From Jim DeMint, President of the Heritage Foundation:
When I was first elected to Congress in 1998, South Carolina’s Fourth Congressional District was a reliably protectionist vote. In the words of former Senator Fritz Hollings, the entire delegation viewed free trade as “the commercial equivalent of unilateral disarmament.”
As a free-market conservative, free trade is in my DNA. It is a trait shared by many of my former colleagues in Congress today, and they are correct that perfection is usually unattainable in the legislative process. That is why I voted in favor of granting President Bush trade promotion authority (TPA) in 2002 even though that bill contained what we now know is an egregiously ineffective welfare program—Trade Adjustment Assistance (TAA).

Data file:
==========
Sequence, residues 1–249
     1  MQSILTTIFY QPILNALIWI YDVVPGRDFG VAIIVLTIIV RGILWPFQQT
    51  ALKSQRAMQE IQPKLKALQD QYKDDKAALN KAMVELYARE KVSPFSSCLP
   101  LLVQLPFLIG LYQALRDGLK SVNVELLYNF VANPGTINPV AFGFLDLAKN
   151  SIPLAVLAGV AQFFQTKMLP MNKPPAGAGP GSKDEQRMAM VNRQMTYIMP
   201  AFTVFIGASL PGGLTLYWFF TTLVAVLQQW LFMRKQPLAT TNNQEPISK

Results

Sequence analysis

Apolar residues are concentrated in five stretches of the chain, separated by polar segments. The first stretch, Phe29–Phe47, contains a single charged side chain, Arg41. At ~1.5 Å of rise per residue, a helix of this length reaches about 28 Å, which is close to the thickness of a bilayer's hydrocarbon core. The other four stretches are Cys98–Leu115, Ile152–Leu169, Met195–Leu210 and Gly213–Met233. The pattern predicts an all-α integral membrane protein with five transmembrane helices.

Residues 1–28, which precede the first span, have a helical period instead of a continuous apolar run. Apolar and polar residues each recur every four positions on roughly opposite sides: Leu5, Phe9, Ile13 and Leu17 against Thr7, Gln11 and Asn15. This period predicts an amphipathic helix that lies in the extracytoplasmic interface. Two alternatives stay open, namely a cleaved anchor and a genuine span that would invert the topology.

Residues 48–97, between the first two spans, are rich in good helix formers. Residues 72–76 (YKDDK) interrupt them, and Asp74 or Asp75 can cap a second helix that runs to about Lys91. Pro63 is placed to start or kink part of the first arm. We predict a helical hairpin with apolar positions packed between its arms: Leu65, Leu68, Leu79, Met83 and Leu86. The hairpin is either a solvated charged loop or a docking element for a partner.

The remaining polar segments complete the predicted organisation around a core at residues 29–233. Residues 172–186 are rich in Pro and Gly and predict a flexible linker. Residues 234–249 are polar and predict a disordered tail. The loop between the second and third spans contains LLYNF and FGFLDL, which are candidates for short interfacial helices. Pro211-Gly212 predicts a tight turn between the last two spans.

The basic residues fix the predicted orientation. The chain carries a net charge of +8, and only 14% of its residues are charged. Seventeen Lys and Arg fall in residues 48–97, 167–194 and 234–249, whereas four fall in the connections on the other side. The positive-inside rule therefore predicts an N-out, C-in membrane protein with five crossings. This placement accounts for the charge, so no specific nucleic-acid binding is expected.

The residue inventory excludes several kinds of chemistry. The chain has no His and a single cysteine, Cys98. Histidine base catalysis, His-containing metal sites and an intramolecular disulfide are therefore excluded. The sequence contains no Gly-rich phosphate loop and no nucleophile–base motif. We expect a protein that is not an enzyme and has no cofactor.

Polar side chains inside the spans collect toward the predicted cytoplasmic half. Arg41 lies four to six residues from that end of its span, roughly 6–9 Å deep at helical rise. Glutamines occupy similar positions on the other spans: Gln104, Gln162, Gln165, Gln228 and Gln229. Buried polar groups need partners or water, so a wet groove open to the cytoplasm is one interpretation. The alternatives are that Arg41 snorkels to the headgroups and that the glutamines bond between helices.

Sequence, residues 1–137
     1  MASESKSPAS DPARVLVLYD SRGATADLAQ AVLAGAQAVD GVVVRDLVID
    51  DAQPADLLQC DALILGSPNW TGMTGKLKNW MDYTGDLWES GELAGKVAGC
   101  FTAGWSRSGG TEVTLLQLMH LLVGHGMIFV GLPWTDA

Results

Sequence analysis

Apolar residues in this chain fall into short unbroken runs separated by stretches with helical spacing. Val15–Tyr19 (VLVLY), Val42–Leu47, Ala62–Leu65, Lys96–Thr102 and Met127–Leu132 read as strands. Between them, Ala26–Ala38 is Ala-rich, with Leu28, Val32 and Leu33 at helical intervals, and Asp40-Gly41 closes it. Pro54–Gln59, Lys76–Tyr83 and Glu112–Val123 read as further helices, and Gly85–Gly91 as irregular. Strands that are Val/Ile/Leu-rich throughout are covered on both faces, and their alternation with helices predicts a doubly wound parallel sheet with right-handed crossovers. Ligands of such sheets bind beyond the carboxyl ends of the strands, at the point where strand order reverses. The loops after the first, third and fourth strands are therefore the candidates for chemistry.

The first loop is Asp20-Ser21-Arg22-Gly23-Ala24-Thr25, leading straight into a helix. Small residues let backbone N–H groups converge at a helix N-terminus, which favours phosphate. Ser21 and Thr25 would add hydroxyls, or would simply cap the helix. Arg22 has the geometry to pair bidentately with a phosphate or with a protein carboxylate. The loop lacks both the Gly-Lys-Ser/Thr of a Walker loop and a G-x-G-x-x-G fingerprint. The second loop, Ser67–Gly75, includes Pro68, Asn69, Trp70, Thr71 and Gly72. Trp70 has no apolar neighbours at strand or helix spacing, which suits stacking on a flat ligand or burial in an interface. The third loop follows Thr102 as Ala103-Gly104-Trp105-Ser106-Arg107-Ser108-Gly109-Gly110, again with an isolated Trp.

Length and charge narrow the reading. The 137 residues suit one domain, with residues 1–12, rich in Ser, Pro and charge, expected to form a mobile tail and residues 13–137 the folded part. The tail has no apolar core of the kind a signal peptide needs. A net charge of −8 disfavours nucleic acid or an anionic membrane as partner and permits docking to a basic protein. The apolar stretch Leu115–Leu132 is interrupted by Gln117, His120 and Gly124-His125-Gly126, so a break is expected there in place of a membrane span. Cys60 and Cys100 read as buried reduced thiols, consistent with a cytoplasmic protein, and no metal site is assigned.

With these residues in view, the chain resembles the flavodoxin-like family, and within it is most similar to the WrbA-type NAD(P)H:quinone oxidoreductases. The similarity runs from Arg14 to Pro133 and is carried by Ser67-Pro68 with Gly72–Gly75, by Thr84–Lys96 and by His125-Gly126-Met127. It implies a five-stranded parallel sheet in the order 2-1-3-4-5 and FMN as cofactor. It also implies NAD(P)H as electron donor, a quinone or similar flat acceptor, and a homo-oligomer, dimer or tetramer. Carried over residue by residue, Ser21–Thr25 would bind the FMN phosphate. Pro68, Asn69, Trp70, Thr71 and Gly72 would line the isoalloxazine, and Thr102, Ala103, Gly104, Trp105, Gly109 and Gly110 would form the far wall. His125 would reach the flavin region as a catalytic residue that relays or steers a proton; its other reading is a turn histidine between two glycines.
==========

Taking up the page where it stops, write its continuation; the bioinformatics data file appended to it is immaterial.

But there are key differences between that bill and the one currently on life support in the House.
The 2002 bill actually advanced free trade. Not only did it grant fast-track authority, it also extended and expanded the Andean Trade Preferences and ensured that tariffs remained low on numerous other imports. It’s not at all clear that today’s version would produce that kind of progress certainly not with a president who wants to rewrite the rules of trade and put in place the most progressive environmental and labor rules ever. Instead, today’s version of fast track authority has become a legislative vehicle for those who favor protectionism and favoritism above freedom and opportunity.
Read the rest of the article here.